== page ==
Hint: use the identity ...
Hello, DylanRenke!
Let: .
The problem becomes: . .(a)
From [1]: /
We have: .
We have a right triangle with:
Pythagorus tells us that: .
Hence: . .(b)
From [2]: .
We have: .
We have a right triangle with:
Pythagorus tells us that: .
Hence: . .(c)
Substitute (b) and (c) into (a): .
This is wrong. "arccos(x)/arcsin(x)" is NOT "arccot(x)". Just because a function has some property doesn't mean its inverse has that property!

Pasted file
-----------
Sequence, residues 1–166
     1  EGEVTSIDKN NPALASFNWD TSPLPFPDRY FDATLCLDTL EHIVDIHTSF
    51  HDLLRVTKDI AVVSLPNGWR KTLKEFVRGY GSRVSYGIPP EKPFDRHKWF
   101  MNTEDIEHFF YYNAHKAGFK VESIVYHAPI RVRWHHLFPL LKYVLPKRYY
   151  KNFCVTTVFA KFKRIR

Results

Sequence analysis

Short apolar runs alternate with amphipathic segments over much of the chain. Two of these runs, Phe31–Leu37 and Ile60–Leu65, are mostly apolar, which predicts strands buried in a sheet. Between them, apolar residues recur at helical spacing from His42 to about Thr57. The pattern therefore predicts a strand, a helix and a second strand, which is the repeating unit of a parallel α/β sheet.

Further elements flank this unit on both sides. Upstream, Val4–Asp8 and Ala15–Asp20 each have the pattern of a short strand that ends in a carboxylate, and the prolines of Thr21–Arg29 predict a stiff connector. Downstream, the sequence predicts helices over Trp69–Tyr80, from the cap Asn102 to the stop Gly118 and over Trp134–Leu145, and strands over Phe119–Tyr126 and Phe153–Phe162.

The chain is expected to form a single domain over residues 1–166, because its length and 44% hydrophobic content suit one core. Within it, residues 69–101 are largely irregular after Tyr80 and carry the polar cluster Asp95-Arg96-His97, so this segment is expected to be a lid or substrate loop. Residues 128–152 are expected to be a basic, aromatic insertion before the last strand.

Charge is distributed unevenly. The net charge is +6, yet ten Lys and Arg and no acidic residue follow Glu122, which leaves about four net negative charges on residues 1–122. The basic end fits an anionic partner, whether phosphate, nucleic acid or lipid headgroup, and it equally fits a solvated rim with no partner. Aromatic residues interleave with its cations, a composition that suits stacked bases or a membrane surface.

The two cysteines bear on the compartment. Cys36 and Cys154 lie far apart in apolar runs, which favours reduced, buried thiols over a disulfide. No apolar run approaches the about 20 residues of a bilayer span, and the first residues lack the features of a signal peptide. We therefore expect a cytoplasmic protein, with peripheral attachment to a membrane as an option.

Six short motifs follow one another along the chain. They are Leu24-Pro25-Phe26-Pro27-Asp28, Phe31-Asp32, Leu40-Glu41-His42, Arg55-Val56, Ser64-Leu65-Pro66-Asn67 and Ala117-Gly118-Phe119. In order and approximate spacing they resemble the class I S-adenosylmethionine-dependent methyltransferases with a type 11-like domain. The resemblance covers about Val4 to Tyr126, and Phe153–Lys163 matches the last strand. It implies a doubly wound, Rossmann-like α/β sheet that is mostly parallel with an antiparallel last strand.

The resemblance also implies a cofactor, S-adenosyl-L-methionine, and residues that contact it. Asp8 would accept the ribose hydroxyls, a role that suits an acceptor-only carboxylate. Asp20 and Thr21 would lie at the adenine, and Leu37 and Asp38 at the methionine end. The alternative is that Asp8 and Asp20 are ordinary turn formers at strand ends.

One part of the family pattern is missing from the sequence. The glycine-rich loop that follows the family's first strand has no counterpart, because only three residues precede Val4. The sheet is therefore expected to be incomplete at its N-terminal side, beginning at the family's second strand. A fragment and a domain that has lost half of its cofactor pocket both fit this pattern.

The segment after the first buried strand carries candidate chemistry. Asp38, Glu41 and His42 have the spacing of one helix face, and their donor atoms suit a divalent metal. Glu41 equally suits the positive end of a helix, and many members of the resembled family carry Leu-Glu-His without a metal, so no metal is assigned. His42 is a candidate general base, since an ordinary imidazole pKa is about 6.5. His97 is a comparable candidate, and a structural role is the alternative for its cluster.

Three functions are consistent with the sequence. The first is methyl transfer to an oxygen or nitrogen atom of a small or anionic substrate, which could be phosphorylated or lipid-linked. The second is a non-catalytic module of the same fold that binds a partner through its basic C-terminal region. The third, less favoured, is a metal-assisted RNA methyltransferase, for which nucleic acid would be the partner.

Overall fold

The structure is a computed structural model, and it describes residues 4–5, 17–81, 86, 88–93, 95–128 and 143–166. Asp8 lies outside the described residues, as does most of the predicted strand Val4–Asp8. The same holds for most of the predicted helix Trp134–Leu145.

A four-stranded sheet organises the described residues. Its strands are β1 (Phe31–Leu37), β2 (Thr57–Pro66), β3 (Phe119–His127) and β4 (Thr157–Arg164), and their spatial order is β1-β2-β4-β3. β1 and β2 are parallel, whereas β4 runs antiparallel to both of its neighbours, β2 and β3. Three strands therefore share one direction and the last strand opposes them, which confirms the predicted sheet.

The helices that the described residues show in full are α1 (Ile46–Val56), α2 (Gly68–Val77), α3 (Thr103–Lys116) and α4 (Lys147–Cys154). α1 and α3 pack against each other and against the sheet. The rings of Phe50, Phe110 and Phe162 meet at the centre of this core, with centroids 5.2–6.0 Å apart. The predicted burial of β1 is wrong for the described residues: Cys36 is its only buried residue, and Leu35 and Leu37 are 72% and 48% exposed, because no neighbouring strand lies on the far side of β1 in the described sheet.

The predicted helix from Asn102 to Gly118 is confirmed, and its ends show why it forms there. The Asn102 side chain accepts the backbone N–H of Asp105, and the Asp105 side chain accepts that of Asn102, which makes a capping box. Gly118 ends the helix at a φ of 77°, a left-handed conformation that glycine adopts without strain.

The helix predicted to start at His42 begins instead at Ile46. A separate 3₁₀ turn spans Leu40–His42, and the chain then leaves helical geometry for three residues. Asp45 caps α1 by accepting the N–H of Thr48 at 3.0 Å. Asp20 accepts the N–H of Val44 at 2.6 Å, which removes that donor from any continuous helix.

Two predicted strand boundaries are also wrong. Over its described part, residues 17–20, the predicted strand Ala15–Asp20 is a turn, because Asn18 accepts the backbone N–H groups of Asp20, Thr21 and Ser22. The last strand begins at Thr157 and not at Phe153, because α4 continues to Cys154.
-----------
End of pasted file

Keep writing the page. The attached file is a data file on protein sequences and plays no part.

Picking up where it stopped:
Notice that and so=x
Thank you
However, cosine and sine are not "one to one" functions so they do NOT, strictly speaking, have inverses. In order to be able to talk about "arccos(x)" and "arcsin(x)" we hage to restrict cosine to 0 to and sine to to [tex]\pi/2[/itex]. With those restrictions, sine and cosine are both postive and so both and are equal to [tex]\sqrt{1- x^2}[tex].